This figure was found by Keith Jones while visiting the church looking for green men. It was at first thought to be a decayed exhibitionist figure but on further inspection has turned out to be somewhat harder to interpret. The figure is very worn and consists of what appears to be a decayed face surmounting a deep cavity at the base of the figure. The right and left hand sides of the figure are hard to interpret due to weathering but there seems to more carving on the left hand side of the figure making it asymmetrical. The left side of the figure could be body with a sideways facing head similar to another corbel (see below) this is of course open to interpretation. Despite the figure being weathered it appears to be well integrated with the rest of the corbels and not an older figure kept from a previous building.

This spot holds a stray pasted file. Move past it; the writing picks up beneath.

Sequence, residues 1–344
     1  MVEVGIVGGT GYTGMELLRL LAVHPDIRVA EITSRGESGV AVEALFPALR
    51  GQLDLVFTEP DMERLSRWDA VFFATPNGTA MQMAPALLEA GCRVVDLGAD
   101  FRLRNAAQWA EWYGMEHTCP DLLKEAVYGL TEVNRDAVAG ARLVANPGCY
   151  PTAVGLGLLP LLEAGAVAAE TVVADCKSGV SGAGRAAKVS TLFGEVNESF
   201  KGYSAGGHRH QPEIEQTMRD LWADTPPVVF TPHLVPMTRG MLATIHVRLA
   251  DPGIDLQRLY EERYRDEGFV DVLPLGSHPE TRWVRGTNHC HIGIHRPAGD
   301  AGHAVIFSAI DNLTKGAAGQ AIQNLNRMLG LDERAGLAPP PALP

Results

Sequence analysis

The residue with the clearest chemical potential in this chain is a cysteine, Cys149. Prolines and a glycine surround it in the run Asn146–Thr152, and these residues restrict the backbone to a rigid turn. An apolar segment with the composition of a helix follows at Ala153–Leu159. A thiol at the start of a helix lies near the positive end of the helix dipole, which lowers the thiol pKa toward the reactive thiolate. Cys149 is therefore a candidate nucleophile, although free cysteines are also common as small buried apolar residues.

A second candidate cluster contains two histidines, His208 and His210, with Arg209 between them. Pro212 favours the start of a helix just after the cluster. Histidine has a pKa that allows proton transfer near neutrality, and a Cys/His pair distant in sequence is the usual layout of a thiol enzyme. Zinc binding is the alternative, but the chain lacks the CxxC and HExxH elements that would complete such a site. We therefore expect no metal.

The church has a number of finely carved corbels representing dragons, monk like figures, bearded heads and flowers. There is also a corbel representing a branch which is echoed on the window surround below it
The style of the church is late perpendicular putting it in the late 1400’s. This and the style of the carvings which seems to be later than the early Norman period from which Sheelas are thought to originate puts some doubt on this figure originally being a sheela. Again the figure is too decayed to be certain.